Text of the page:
We had our usual quiet Thanksgiving. My half-brother drove down from Sacramento to spend Thanksgiving with us for the first time ever. I prepped a bit yesterday, but cut back on a lot of dishes I originally had planned because Larry was still recovering from a not-very-fun time with kidney stones. He hasn’t had much of an appetite.
In fact, my day was so relaxed that after I made the pie in the morning (more on that in a moment), I went out for a 20-mile bike ride. And then still had time to sit with a book later in the afternoon.
I didn’t have much of a plan for the turkey. I got a Kosher turkey, about 12.5 lbs, from Trader Joe’s. So no brining needed. In fact, Kosher poultry really doesn’t need much of anything, it’s delicious as-is. I looked at a bunch of different recipes for turkey and chicken, and came up with my own recipe that worked out great.
We liked the dressing – the addition of sweet potatoes means there doesn’t need to be a separate sweet potato dish. I normally don’t make cranberries, but decided to do it this year – and shouldn’t have. Larry didn’t like them. I thought they were just okay.
The pie. My struggles with pumpkin pie are well-documented. I decided on another recipe from Cook’s Illustrated. This one uses canned candied yams in addition to pumpkin, and is bound together with a generous amount of cream and eggs. Larry and Brian said it was good, but Larry decided he likes the praline version I made a few weeks ago. So I’ll go to work perfecting that recipe.
Herb Roast Turkey with Shallot-Dijon Gravy
1.5 tsp. dried sage
1.5 tsp. dried thyme
1 tsp. coarsely ground pepper
1 Tbsp. Kosher salt 3 small bay leaves, coarsely torn
1 12 to 16-lb. Kosher turkey
1 large onion, chopped
1 celery stalk, chopped
1 whole lemon, chopped with peel
1 tsp. dried sage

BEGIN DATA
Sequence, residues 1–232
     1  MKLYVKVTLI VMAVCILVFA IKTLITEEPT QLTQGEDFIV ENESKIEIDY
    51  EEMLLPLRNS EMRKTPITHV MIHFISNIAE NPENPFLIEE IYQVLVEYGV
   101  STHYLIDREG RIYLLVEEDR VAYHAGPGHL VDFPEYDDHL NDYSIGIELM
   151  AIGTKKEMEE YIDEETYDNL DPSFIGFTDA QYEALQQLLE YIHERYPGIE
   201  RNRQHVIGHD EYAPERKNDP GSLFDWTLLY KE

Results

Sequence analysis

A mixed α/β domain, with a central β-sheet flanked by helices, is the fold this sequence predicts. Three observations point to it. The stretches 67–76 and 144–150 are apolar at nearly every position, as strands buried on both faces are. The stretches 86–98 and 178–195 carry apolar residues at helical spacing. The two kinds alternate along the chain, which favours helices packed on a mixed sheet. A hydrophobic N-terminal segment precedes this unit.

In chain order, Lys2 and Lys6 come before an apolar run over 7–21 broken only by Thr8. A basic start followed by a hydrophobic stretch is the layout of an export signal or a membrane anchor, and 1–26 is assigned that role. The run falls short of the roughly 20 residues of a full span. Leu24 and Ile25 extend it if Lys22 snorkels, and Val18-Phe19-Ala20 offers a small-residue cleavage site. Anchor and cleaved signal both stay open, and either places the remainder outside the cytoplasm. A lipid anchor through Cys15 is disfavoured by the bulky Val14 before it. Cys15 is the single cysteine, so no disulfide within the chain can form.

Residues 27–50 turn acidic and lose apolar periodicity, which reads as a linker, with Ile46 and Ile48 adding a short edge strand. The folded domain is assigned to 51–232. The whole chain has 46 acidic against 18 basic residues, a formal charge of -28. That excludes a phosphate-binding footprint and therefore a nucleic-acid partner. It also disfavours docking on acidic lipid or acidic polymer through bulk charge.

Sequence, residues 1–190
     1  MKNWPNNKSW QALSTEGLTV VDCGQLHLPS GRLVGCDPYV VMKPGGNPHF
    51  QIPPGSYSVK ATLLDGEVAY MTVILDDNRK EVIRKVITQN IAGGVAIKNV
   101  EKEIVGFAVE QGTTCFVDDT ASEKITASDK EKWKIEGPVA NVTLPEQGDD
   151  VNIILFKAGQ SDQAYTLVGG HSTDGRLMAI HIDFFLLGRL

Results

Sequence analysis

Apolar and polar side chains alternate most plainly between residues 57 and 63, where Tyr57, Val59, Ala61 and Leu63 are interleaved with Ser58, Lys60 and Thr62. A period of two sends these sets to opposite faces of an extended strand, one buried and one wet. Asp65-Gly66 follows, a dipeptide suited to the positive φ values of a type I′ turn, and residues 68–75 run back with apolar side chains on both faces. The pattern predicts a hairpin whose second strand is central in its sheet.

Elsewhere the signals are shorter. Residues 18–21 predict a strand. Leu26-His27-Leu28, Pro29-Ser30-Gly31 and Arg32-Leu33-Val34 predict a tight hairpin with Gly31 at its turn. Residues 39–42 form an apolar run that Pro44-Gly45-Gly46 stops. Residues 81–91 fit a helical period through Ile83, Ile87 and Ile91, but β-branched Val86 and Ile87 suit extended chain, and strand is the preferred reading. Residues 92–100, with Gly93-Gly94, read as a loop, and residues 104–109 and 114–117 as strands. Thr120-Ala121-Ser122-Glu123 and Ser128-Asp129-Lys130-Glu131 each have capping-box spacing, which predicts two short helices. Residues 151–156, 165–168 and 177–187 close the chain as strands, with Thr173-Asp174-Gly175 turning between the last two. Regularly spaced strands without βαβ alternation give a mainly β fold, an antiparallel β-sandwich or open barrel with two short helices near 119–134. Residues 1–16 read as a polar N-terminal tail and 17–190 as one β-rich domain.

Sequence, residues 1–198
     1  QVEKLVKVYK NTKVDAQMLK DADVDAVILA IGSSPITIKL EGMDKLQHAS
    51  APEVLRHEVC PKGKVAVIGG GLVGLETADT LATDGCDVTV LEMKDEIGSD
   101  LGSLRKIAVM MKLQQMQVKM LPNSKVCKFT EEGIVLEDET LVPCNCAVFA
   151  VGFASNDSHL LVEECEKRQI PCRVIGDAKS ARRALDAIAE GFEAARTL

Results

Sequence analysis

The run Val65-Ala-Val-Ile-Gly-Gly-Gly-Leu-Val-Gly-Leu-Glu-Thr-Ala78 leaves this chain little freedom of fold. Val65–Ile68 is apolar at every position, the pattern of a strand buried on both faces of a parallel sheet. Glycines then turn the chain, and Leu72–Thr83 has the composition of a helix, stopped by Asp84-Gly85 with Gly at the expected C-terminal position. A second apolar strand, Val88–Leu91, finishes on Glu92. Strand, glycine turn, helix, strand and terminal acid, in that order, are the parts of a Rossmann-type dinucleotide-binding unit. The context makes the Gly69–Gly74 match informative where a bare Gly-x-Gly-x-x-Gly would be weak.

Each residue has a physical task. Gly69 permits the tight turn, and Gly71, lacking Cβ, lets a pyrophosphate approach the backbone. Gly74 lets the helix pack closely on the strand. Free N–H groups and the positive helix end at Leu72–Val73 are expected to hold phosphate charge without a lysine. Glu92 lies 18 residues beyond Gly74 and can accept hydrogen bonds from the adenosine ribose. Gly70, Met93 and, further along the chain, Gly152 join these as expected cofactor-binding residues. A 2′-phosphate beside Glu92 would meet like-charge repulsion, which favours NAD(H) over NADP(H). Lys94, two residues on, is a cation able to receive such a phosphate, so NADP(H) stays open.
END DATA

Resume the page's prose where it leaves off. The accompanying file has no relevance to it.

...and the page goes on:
1 tsp. dried thyme
2 cups low-sodium chicken broth
Low-sodium chicken broth
.5 cup chopped shallots
.5 cup all-purpose flour
.5 cup white wine
2 Tbsp. Dijon mustard
2 tsp. chopped fresh rosemary
Combine the ingredients for the herb salt. (can be made 1 week ahead – cover and store at room temperature). Rinse turkey inside and out and remove any remaining quills. Pat dry. Rub herb salt over entire outside of turkey. Place turkey on a platter or rimmed baking sheet and refrigerate for 18-24 hours prior to roasting.
When ready to roast turkey, set rack at lowest position in oven and preheat to 500 degrees. Combine onion and next four ingredients in a small bowl. Divide the onion mixture between the primary and neck cavities. Fold neck skin under, tuck wing tips under and tie legs together. Place turkey breast side down on a rack set in a large roasting pan; pour 2 cups chicken broth in the bottom of the roasting pan.
Roast turkey for 30 minutes, then decrease oven temperature to 350 degrees. Roast for another hour, then rotate turkey to breast side up and roast for another 1 -2 hours, until an instant-read thermometer inserted into the thickest part of the thigh registers 170 degrees. Do not baste. Tent loosely with foil if browning to quickly. Transfer turkey to platter, tent loosely with foil and let rest 20-30 minutes. Reserve roasting pan with juices for gravy.
Pour juices from the roasting pan into a gravy separator. Spoon off .5 cup of fat and add back to the roasting pan, set over a burner on the stove-top on medium heat. Add the shallots; saute 1 minute or until soft. Whisk in flour. Cook until roux is light brown, whisking constantly, about 2 minutes. Whisk in wine, Dijon mustard and fresh rosemary. Add the reserved juices along with enough chicken broth to total 3 cups. Bring to a boil, whisking to blend. Cook until thickened, about 3 minutes. Season to taste with salt and pepper.
- Herb Roast Turkey with Shallot-Dijon Gravy (recipe above)
- Sweet Potato Stuffing with Bacon & Thyme (Bon Appetit, November 2009)
- Arugula Salad with Grapes, Fennel, Gogonzona & Pecans (The Best of America’s Test Kitchen 2008, p. 30)
- Smashed Red-Skinned Potatoes with Boursin & Scallions (Fine Cooking #56, March 2003, p. 47)
- Cranberry Sauce with Star Anise & Port (Fine Cooking #60, October 2003, p. 86)
- Pumpkin Pie (Cook’s Illustrated, November 2008)